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Third-Party Contract Workers Can Handbill on Company Property he National Labor Relations Board (“NLRB”) has ruled that employees of third-party contractors and vendors may handbill on company property in non- working areas. It reasoned that the vendors employ- ees right to engage in union activity outweighed the right of the primary employer to prohibit non-employ- ees from distributing materials on its property. New York New York, LLC 356 NLRB No. 119 (3/25/11). This ruling will have a profound impact on health care employers as they regularly engage contractors or vendors, such as agency nurses or nurses aides, food services and environmental or cleaning services, to perform selected health care and ancillary services. Employers may prevent their own off-duty employees fr om accessing interior ar eas of its pr operty. However, in the case before the NLRB, the employer could not bar the contractors employees from accessing the interior ar eas of the pr operty to engage in union solic- itation and distribution of literature because there was no evidence that the company maintained a rule barring its o wn off-duty employees from returning to interior areas of the facility. The Board found that the company could not restrict off-duty vendor employees fr om remaining inside the property or returning to interior, non-working areas for the purpose of union solicitation and distributions if it did not maintain and enforce a rule preventing its own employees from doing so. Ambiguous Handbook Policies Leads NLRB to Overturn Union Decertification Election he National Labor Relations Board (“NLRB”) has overturned a decertification election because it found that certain policies in the employers handbook could have a chilling effect on employees rights despite the absence of any proof that employees in fact were adversely affected by the rules. Jurys Boston Hotel 356 NLRB No. 114 (3/28/11). The policies in question prohibited employees from loitering after their shift, soliciting and distributing materials on company property, and wearing emblems or buttons on their uniforms. The loitering policy was found unlawful under the National Labor Relations Act (“NLRA”) because it could be read to bar off-duty employees access to a facilitys exterior non-working areas, such as a parking lot. The solicitation and distribution policy was ruled verbroad because it could be read to prohibit union- related solicitation during non-working times and distribution in non-working ar eas. Finally, the uniform policy was found overbroad because employees may wear union-related buttons and emblems, subject to several exceptions (such as patient care and safety), none of which applied to this employer. The employer had never disciplined employees for violating its rules and had nev er enfor ced any rules against union activity. In fact, the employer even took a “neutral, if not positive,” view about the union during the election period. In the handbook, the employer also specifically informed employees of their rights under the N LRA, “which supersede any possible interpretation of the rules in the handbook. Despite these factors, the NLRB found that the “mere maintenance” of these rules could have affected the results of the union decertification election because they “could be reasonably construed” by employees as precluding them from communicating about the union at their workplace. The Board ordered a second election. This case highlights the impor tance of maintaining unambiguous and lawful handbook rules. Even if a union loses an election to represent employees at a health car facility it could succeed in overturning the r esults of the election and for ce a r e-run if the employers handbook contains certain unlawful or ambiguous policies. From the Labor Board Continued on next page Practice Tips: Before there is any union-organ- izing activity, health care employers should review their solicitation/distribution and off- duty access rules to ensure they are lawful and consistently enfor ced. In addition, employers who contract with third-party vendors should consider doing the following:  Ensure their vendors contracts contain lan- guage r equiring the v endor to apply and enforce certain property rules as to their own employees.  Train their own managers concerning these rules and how to enforce them.  Train their managers to spot and report to top management any violations by a vendors employees, so that they can notify the vendor immediately to correct the problem. It is the vendors responsibility to supervise its own employees.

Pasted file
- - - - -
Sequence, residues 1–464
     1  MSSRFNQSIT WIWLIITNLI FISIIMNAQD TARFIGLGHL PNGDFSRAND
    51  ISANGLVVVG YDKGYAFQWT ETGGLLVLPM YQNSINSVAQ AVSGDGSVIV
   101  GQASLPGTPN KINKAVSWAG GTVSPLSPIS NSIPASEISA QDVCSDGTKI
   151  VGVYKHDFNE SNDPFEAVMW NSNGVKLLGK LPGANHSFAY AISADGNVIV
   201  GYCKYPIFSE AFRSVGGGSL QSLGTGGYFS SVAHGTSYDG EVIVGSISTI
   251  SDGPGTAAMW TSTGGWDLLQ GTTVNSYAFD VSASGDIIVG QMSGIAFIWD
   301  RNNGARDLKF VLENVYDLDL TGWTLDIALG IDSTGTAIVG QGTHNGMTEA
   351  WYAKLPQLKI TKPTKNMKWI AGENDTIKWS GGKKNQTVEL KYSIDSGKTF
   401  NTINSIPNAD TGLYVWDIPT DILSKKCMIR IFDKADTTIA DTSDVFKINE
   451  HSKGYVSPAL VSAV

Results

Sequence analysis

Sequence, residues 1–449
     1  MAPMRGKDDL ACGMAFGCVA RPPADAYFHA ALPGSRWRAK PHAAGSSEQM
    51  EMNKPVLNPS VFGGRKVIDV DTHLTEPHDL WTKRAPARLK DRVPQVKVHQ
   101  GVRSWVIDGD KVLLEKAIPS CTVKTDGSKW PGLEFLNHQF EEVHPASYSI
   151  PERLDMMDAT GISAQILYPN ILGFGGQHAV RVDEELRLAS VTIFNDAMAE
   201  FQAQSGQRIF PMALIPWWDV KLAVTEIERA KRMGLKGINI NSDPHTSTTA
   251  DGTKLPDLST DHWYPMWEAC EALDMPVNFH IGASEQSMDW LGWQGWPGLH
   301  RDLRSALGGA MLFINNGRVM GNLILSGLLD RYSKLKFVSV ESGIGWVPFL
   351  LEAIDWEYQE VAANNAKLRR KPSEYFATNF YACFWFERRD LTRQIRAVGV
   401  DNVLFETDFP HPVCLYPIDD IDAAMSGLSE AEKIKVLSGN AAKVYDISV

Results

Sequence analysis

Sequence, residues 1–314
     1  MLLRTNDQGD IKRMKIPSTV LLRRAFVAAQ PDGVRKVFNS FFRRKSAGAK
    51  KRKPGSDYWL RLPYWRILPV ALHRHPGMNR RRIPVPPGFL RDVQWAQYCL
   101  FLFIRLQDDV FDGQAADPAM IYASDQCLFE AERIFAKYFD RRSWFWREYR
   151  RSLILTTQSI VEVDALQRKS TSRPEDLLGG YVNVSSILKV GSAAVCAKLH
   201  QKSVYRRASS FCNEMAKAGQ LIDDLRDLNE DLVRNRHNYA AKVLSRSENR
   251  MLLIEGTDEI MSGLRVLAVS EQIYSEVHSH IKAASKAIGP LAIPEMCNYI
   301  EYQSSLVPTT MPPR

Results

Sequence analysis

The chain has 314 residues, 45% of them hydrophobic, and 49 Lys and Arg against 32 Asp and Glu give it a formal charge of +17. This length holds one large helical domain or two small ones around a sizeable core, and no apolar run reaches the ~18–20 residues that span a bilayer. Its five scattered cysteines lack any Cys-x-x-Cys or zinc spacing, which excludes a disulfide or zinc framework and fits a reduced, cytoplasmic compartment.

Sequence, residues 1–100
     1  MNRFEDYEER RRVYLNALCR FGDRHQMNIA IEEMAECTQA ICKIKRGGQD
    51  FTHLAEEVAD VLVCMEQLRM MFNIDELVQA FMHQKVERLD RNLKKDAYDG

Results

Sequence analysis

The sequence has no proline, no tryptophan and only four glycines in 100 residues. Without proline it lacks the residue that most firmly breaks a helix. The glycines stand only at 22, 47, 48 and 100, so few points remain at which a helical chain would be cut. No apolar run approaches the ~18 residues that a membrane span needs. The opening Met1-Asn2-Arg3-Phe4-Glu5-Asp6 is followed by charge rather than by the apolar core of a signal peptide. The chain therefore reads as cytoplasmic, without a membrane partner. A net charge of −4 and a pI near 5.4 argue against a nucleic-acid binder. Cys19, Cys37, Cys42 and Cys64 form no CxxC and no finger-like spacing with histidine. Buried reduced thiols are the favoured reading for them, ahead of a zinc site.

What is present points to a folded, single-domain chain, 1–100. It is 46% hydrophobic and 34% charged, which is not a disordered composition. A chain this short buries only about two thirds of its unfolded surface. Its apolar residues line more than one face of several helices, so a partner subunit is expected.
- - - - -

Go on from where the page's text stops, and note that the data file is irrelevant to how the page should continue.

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Practice Tips: Health care employers (union and non-union) should review the following standard olicies for legality under the NLRA: 1. Access (off-duty employees and third-parties) . Confidentiality 3. Corporate Compliance 4. Discipline and Misconduct (work rules) 5. Dress Code 6. Investigation of Misconduct 7. Non-disparagement of the Employer/Supervisors 8. Social Media/E-mail 9. Solicitation and Distribution 10. Statements to the Media he question of whether medical residents are “students” exempt from FICA taxes (under 26 U.S.C. 3121(b)(10)) received a unanimous “no” answer from the U.S. Supreme Court. Mayo Fdn. for Med. Educ. & Research v. United States 562 U.S. ___, 131 S. Ct. 704 (2011). In reaching this decision, the Court relied heavily on an Internal Revenue Service (“IRS”) regulation interpreting the “student exemption.” It stated that individuals regularly scheduled to work at least 40 hours per week cannot claim the exemption. Chief Justice John R oberts wrote, “Mayo does not dis- pute that the Treasury Department reasonably sought way to distinguish between workers who study and students who work. Focusing on the hours an individ- ual works and the hours he spends in studies is a perfectly sensible way of accomplishing that goal. Health car emplo yers should review their pay prac- tices with respect to doctors in residency programs, and the hours spent working v ersus studying, to ensur appropriate tax withholdings are made. Medical Residents Stipends Subject to FICA Taxes he National Nurses United (“N NU”) union was founded in December 2009 when three nurses unions (California Nurses Association, United American Nurses, and Massachusetts Nurses Association) mer ged. Since the unification, many state unions have affiliated with the NNU. It now has more than 150,000 members. The follo wing is a chart of strikes by the NNU and its affiliate state unions since 2010. Facility Strike Date Temple University Med. Center (PA) 3/31/10 (28 days) Univ ersity of California Hospital 6/1 0/1 (prevented) Minnesota Hospitals (largest nursing strike in history) 6/10/10 (1 day) North Adams Regional (MA) 9/3/10 (averted 9/2) Childrens Hospital Oakland, CA 10/12/10 (3 days) Eastern Maine Med. Center (Bangor) 11/23/10 (1 day) Wilkes-Barre Hospital (PA) 11/24/10 (averted) Wilkes-Barre Hospital (PA) 12/23/10 (1 day) Washington Med. Center (DC) 11/24/10 (averted) Washington Med. Center (DC) 3/4/11 (did not return until 3/9 because of Temporary Agency Contract) Childr en Hospital Oakland, C 5/4/11 (5 days) Tufts Medical Center (MA) 5/6/11 (averted, scheduled for 1 day) 201 0-2011 NNU and Affiliate Strikes and Threatened Strikes